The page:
Recently a woman, Yan Haimei, was installed by Qianjiang as the CEO of Benelli” Li Lian is an 18 year old assembly line worker at the Liyang motorcycle factory in Chongqing and for her men and women have the same opportunities to progress and it seems that women are quicker on the production line!” Rio Wang CEO of Fuego Power agrees. “I wouldn’t think twice about hiring a female for any aspect of the operation. My GM is a female, and three quarters of the export staff are female. Their motorcycle knowledge is on a par with the guys even though they are a bit reluctant to get on and ride sometimes”. It’s not just the traditionally powered 2wheeler industry that is graced by the “fair sex”; the electric scooter industry also benefits. Yadea is the biggest EV export company in China and is captained by Nancy Zhou as GM. She says: “As the EV industry is still relatively in its infancy, there are huge opportunities for women, as the industry has not taken on a male-orientated culture in the same way as the standard motorcycle industry. It’s also the case that many women prefer to ride an electric scooter.” To conclude it seems that in the Chinese motorcycle industry, women hold some of the top positions and this trend is not likely to change. Source: David McMullan

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WOMEN IN MOTORCYCLING NEWSLETTER

Issue #3

EUROPE’S FASTEST WOMAN

NEWS FROM THE FIM FAMILY

Motorcycling mum Jo Stevenson became the Europe’s fastest woman after clocking up 243.5mph on a turbo-powered bike.

FIM AFRICA is pleased to announce the appointment of two new ladies to the FIM AFRICA Women In Motorcycling Commission: LAUREN BRANCH Lauren is from Botswana. Given her experience and involvement in motorcycling, Lauren will undoubtedly be a very valuable member of the FIM AFRICA Women in Motorcycling Commission. SHELLEY VERWEY Shelley Verwey is from Zimbabwe and is mainly involved in the leisure/touring side of motorcycling. Shelley believes that training days for total beginners would provide the perfect opportunity to increase the number of female riders even further.

©Jack Frost

Jo Stevenson, 40, from Rotherham, south Yorkshire (UK) took up biking just five years ago. Mum-of-one (Ella, 13 years-old) Jo, who rides a Suzuki Hayabusa, had an interest in motorcycles as a teenager but only took it up after watching racing at Santa Pod with her fiancé.

INSPIRATIONAL STORY The life of a female US Motor Officer: what it takes to be among the elite few

She said: “My dad always had bikes and I can vaguely recollect wanting one when I was about 17 but my mum said over her dead body. My mum is proud of me now but doesn’t want to know how fast I’ve gone. Jo became Europe’s fastest woman in May by accident when she borrowed electrician Dave’s turbo bike. She said: “I knew I had gone faster because it took longer to stop. I saw the end of the runway looming towards me”.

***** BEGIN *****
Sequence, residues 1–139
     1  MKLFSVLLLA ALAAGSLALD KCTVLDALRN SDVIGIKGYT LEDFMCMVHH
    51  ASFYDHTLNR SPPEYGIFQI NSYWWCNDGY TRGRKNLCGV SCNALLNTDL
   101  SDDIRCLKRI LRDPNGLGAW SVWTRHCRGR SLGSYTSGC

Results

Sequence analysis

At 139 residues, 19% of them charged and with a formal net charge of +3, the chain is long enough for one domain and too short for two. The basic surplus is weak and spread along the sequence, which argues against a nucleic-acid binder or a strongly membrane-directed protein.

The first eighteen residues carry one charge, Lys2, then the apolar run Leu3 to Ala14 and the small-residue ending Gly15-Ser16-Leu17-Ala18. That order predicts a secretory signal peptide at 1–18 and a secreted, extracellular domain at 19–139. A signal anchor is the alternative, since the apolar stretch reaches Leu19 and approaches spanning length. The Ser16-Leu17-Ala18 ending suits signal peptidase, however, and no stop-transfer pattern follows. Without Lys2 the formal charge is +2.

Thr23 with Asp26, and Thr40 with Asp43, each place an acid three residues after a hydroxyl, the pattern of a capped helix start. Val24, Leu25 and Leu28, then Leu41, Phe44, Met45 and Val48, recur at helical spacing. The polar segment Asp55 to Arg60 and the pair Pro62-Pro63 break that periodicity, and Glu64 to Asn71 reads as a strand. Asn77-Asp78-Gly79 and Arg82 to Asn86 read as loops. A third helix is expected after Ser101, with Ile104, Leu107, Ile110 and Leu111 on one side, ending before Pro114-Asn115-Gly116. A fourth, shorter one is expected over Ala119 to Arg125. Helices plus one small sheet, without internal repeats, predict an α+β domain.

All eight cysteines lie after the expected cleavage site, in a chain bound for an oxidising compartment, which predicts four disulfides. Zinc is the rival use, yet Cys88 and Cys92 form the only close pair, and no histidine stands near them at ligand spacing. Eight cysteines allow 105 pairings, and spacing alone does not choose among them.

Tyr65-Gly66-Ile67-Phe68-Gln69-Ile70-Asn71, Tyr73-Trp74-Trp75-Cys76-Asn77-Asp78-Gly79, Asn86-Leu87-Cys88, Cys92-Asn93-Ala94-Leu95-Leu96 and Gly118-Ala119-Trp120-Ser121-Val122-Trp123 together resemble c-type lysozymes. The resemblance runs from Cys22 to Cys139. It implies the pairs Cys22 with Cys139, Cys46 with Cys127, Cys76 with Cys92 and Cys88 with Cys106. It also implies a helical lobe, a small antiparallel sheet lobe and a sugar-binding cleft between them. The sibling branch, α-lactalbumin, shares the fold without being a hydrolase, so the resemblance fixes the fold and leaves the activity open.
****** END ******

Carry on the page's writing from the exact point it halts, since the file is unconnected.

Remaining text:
Since her record, Jo Stevenson has been appointed a Rotherham Ambassador in recognition of her achievements in the sport and of her support of the borough. She is now supporting a national motorcycle event aimed at making bikers safer and reducing casualties on the roads and is urging fellow motorcyclists to drive safely on the town’s roads.

Being a female US Motor Officer in a massively male-dominated field provides a true feeling of accomplishment. Tina says that she does not feel there is any “special” treatment but underlines that she gets some extra respect for doing it. She declares: “I have to work twice as hard as my male counterparts to reach my goals, but I know I can do it, and I have overwhelming support from my fellow motors”. Often Tina comes across citizens whose first words are, “Wow, I’ve never seen a female motor cop. Cool!” She adds “I just have to laugh and appreciate the compliment. She mentions that it is especially rewarding when she encounters other females who give her a thumbs up! She concludes by saying that it seems women have to work harder to reach their goals, especially when choosing a professional field dominated by men. Tina highlights that she is proof that women can reach those goals and expectations if they want to. She finishes with very positive words: “Don’t ever give up and do what it is you want to do!”

Source: motorcyclemonthly

Source: Tina Leman

Jo, who runs a portable appliance testing firm, achieved her feat at a Top Speed event at Elvington Airfield, near York. She said: It’s the adrenaline I love, the rush is amazing. I shake before a run because I’m a little scared and afterwards because of the adrenaline. It was brilliant, an amazing feeling.” She concluded by saying “I will try again to get sponsorship now and breaking 250mph would be a dream.

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Issue #3

CALENDAR AND EVENTS TO COME 2013 WOMEN TRAINING CAMPS ROAD RACING 4-5-6 October 2013 SPAIN - Albacete For more information regarding this training please contact us at: women@fim.ch

2013 FIM COMPETITIONS FIM WOMEN’S MOTOCROSS WORLD CHAMPIONSHIP 211/05 25 August 2013 211/06 01 September 2013 211/07 15 September 2013 211/08 22 September 2013

GREAT BRITAIN - Matterley Basin CZECH REPUBLIC - Pacov FRANCE - St Jean d' Angely PORTUGAL - Fronteira

FIM WOMEN'S TRIAL WORLD CHAMPIONSHIP 304/02 31 August-1 September 2013 304/03 06 September 2013

FRANCE - Isola 2000 FRANCE - La Chatre

FIM WOMEN'S TRIAL DES NATIONS 312/01 07 September 2013

FRANCE - La Chatre

MAXXIS FIM WOMEN'S ENDURO WORLD CUP 406/04 7-8 September 2013

FRANCE - St Flour

FIM INTERNATIONAL SIX DAYS' ENDURO (ISDE) 401/01 30 September-05 October 2013

ITALY - Olbia

FIM WOMEN'S CROSS-COUNTRY RALLIES WORLD CUP 810/05 23 July-4 August 2013 810/06 28 September-5 October 2013

BRAZIL Rally dos Sertoes EGYPT

FIM WOMEN'S BAJAS WORLD CUP 815/04 15-18 August 2013 815/05 13-15 October 2013 815/06 01-02 November 2013

HUNGARY - Hungarian Baja MOROCCO - Baja du Maroc PORTUGAL - Baja Portalegre 500

Contact us at: women@fim.ch Share with us your comments, stories and ideas!

FÉDÉRATION INTERNATIONALE DE MOTOCYCLISME 11, ROUTE DE SUISSE - CH - 1295 MIES

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FIM Women in Motorcycling Commission Newsletter - Issue 3 (2013)  

FIM Women in Motorcycling Commission Newsletter - Issue 3 (2013)